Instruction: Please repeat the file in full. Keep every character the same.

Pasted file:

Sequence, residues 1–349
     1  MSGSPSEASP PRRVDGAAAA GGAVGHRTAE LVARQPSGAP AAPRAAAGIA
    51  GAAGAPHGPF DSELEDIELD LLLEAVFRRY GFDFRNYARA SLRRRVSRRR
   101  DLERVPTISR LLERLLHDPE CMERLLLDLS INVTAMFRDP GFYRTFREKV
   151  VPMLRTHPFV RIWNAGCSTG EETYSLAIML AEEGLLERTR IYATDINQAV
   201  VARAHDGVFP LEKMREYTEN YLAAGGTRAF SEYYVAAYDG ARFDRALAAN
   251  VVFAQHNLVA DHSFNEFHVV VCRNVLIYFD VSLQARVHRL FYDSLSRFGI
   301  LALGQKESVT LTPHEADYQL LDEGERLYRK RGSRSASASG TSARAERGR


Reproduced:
Sequence, residues 1–349
     1  MSGSPSEASP PRRVDGAAAA GGAVGHRTAE LVARQPSGAP AAPRAAAGIA
    51  GAAGAPHGPF DSELEDIELD LLLEAVFRRY GFDFRNYARA SLRRRVSRRR
   101  DLERVPTISR LLERLLHDPE CMERLLLDLS INVTAMFRDP GFYRTFREKV
   151  VPMLRTHPFV RIWNAGCSTG EETYSLAIML AEEGLLERTR IYATDINQAV
   201  VARAHDGVFP LEKMREYTEN YLAAGGTRAF SEYYVAAYDG ARFDRALAAN
   251  VVFAQHNLVA DHSFNEFHVV VCRNVLIYFD VSLQARVHRL FYDSLSRFGI
   301  LALGQKESVT LTPHEADYQL LDEGERLYRK RGSRSASASG TSARAERGR